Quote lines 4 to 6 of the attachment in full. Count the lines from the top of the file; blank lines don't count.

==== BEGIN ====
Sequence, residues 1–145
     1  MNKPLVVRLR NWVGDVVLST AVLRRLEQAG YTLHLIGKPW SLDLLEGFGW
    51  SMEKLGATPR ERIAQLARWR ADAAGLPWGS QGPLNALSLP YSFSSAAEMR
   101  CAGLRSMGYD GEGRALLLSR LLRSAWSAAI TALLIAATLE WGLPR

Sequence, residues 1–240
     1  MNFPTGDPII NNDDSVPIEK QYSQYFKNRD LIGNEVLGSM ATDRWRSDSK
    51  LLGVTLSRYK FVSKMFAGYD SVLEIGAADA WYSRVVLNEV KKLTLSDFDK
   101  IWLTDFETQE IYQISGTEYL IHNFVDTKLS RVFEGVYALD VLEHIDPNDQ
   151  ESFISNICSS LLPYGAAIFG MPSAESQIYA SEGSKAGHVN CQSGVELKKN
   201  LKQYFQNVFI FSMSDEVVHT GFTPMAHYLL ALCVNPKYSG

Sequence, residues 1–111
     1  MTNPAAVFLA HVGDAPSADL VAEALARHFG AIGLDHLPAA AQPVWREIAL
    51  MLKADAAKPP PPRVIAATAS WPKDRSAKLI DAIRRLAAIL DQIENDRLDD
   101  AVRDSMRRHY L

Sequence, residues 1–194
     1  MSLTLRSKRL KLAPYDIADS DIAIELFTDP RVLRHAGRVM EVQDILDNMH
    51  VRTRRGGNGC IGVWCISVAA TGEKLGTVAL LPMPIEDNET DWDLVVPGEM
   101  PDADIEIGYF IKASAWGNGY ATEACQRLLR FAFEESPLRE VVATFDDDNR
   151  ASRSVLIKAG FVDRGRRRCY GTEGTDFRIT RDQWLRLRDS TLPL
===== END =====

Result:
   101  CAGLRSMGYD GEGRALLLSR LLRSAWSAAI TALLIAATLE WGLPR

Sequence, residues 1–240
     1  MNFPTGDPII NNDDSVPIEK QYSQYFKNRD LIGNEVLGSM ATDRWRSDSK